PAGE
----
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Picture of Cary Aspinwall
We're asking distinguished reporters to highlight an issue or story that is either being missed entirely or underreported by the media.
Picture of Jill Replogle
It was a vexing data riddle: Were opioids leading seniors to commit suicide? Or did they have major health problems that led them to take their lives?
Picture of Bethany Barnes
"If newsrooms want coverage to be diverse, newsrooms must back up that aim with an investment of time," writes The Oregonian's Bethany Barnes. Here's how she invested her reporting time.
Picture of Tracie Potts
"Data is the backbone of good reporting, but people make the audience care," writes broadcast reporter Tracie Potts. Here's how she finds the people that make the story.
Picture of Molly  Peterson
Climate change is making the problem of urban heat a growing health risk. But reporting on the scope of the problem is full of challenges, as Molly Peterson explains.
Picture of Andy Krackov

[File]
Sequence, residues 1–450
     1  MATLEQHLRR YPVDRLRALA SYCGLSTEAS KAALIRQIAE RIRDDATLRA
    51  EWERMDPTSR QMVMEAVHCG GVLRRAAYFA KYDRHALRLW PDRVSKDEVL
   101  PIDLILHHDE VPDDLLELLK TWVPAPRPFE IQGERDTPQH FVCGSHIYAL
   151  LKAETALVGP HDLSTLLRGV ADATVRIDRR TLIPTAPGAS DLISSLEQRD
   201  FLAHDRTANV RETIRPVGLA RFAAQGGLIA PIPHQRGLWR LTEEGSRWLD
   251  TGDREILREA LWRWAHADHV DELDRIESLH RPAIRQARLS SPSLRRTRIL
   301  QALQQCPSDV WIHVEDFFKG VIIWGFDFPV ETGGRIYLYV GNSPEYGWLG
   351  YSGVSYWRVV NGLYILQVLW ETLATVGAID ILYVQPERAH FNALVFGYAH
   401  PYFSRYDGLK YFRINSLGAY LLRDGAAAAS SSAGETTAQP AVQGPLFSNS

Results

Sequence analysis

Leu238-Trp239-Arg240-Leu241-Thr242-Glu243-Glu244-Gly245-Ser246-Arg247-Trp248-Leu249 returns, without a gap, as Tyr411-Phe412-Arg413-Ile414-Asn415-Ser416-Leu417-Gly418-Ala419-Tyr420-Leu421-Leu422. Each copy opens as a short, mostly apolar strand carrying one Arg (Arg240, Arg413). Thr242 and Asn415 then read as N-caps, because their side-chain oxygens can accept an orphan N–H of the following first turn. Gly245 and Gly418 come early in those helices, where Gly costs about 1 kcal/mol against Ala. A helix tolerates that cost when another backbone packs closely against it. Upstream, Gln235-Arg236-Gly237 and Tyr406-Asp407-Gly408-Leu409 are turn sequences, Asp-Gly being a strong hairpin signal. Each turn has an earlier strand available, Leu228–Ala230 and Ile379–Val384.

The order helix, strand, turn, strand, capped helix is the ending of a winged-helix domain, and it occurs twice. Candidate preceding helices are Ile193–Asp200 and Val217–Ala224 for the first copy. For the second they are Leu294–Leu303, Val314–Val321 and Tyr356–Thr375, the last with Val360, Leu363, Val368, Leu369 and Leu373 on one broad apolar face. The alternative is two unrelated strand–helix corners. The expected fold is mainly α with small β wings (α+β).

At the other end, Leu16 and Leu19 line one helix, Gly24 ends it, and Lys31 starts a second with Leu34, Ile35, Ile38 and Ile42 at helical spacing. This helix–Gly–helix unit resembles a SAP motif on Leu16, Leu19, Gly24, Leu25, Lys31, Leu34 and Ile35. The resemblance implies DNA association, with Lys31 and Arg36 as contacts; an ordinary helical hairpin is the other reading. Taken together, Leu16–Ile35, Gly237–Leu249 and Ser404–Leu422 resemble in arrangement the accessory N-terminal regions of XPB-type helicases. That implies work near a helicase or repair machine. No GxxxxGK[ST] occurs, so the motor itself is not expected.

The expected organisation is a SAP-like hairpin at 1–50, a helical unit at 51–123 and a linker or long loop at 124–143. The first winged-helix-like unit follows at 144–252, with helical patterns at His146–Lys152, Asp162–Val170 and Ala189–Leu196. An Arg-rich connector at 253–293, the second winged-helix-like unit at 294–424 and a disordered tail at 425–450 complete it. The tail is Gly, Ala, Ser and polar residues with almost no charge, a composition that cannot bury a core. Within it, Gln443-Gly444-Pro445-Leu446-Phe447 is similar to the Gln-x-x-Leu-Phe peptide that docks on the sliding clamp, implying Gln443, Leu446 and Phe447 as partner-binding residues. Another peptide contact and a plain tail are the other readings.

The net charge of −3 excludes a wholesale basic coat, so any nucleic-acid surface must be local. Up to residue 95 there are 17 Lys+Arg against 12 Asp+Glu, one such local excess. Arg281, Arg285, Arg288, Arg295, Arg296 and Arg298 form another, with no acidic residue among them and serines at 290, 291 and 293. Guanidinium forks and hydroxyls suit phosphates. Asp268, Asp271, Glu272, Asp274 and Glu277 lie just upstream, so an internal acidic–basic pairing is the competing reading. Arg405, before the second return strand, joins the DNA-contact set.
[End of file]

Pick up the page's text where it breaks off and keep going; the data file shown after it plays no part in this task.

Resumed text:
From my vantage point as a former journalist who much admires what reporters can contribute, journalists can play a more activist role and in so doing help improve the health of the communities in which they live and work.
Picture of Leonardo Castaneda
Data journalist Leonardo Castaneda offers reporters a detailed tutorial on how to analyze — and then map — data from any county's medical examiner's office on opioid-related deaths.
Picture of William Heisel
Journalists have heard it a million times: use multiple sources. But as William Heisel explains, that means more than conducting a bunch of interviews and filling up notebooks.
Picture of Darryl Holliday
For an ambitious project on lead in Chicago, City Bureau started with the question: "How do we as journalists meet people where they are?" The answer included a text-message service that responds with lead test data for the user's community.
Picture of Rusha Modi
There is a bizarre paradox in the culture of medicine: The system generates more data than ever, but questionable priorities are limiting our ability to effectively use it.

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The Center for Health Journalism is dedicated to supporting journalists covering two of the biggest stories of our time — the twin pandemics of COVID-19 and systemic racism and inequities in America. We provide reporters with intensive training instituteswebinars and tips about craft and content and are providing deep and sustained support for reporters and their newsrooms in this historic and difficult moment. You can donate through the USC web portal at this link. Pressed for time? You can also text to donate! No amount is too small; just send a text to 41-444 and type the message CHJ for further instructions.

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